What is Corporation Tax?

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When you set up a limited company, your annual profits will be subject to Corporation Tax.

Dealing with your corporation tax issues is one of our key tasks as accountants. However, it is ultimately the company directors who are responsible for ensuring that a company’s tax affairs are in order.

As a director of a limited company, you therefore need to make sure that your company’s corporation tax liability is accurate, your annual tax return is filed on time and that you pay the corporation tax to HMRC when it falls due.

Who pays Corporation Tax?

All UK limited companies are subject to Corporation Tax. The tax is charged as a percentage of the annual profits made by a company.  Sole traders are not liable to pay corporation tax. The self-employed pay income tax via the self-assessment process.

Corporation tax self-assessment

Each year, your company is required to complete a corporation tax return (form CT600).  Although your accountant will prepare and submit the CT600 and supporting documents, you must ensure that the information is correct.

Accounting periods

Most businesses have a 12 month accounting period, although it is possible to set a shorter period. Your accountant can also apply to change your year-end date so that it ties in with other statutory deadlines.

What are the current Corporation Tax rates?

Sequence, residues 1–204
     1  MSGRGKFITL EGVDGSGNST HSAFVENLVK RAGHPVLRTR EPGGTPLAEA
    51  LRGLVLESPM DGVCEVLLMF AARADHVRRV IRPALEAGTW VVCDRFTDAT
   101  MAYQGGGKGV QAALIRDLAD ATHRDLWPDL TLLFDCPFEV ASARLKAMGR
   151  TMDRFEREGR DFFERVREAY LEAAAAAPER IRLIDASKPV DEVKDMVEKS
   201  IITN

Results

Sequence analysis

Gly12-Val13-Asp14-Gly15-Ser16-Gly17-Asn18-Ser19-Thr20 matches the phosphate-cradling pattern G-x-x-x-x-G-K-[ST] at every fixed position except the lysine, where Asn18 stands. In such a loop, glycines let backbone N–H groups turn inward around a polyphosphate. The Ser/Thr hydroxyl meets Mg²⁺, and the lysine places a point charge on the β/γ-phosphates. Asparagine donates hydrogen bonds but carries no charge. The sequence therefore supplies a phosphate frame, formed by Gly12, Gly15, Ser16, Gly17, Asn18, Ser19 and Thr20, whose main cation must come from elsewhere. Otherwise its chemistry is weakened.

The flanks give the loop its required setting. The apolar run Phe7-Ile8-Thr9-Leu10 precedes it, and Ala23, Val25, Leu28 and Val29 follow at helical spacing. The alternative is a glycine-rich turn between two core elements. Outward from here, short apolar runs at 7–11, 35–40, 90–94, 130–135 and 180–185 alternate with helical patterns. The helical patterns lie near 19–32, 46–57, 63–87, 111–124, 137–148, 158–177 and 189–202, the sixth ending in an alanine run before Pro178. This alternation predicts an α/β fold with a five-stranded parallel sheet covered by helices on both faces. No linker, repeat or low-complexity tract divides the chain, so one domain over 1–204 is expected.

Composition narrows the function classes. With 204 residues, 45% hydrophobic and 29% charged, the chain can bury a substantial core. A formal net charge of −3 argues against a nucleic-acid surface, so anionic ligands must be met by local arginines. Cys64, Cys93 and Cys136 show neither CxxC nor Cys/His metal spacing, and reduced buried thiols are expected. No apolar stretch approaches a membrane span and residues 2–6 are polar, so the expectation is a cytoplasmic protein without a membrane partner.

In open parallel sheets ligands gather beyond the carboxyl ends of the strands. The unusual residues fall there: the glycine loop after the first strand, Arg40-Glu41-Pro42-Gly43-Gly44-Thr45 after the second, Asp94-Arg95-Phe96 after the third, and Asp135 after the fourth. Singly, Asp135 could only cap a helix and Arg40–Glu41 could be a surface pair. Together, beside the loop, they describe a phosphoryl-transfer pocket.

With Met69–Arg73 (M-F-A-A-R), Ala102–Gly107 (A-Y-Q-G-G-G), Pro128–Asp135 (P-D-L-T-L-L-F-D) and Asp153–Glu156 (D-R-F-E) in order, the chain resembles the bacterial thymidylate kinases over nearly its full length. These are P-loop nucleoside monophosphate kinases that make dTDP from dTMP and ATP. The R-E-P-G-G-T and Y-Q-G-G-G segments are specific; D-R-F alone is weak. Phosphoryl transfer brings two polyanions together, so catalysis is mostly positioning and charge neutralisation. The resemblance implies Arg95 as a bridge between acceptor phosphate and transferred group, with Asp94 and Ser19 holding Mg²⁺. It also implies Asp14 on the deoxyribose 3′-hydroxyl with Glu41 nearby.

The current rate for UK Corporation Tax is 20%. In the 2016 Budget, the Government stated its intention to cut the rate of Corporation Tax to 17% by 2020.

Deadlines and penalties

Your accountant can submit your CT600 return any time between the date of your company year -end your statutory filing date. This is typically the latest of 12 months after the end of your year end, or 3 months after you get a notice to deliver a return.

If you submit your corporation tax return late, or the contents are inaccurate, you – and not your accountant – will be charged a penalty.  If your company is liable to pay any corporation tax, you must settle the balance by 9 months and 1 day after your normal due date.  For example, if your year end was 31st December, then your payment will be due on 1st October in the following year.

You must pay the corporation tax liability to HMRC electronically.


The Construction Industry Scheme (CIS) is a scheme created by HMRC for tax from contractors and subcontractors. The scheme is designed to minimise tax evasion within the construction industry.

CIS applies to all contractors and subcontractors, whether sole traders, partnerships, or companies, who are working within the mainstream construction industry.  If in doubt about whether or not a specific activity falls under CIS, it is recommended to refer to HMRC’s guidance.

CIS rules apply to all payments made by a contractor to a subcontractor under a construction contract, but does not apply to employees. Failure to comply with the scheme may result in expensive penalties.


All contractors and subcontractors must register with the scheme before any construction start using HMRC’s online tax registration service. HMRC will then set up a contractor scheme for the business/individual.


HMRC operates an extremely tough penalty regime for those within the CIS scheme. Contractors need to ensure that they keep not only their books and records up to date but also that they are not late in submitting returns or making payments of CIS tax deducted.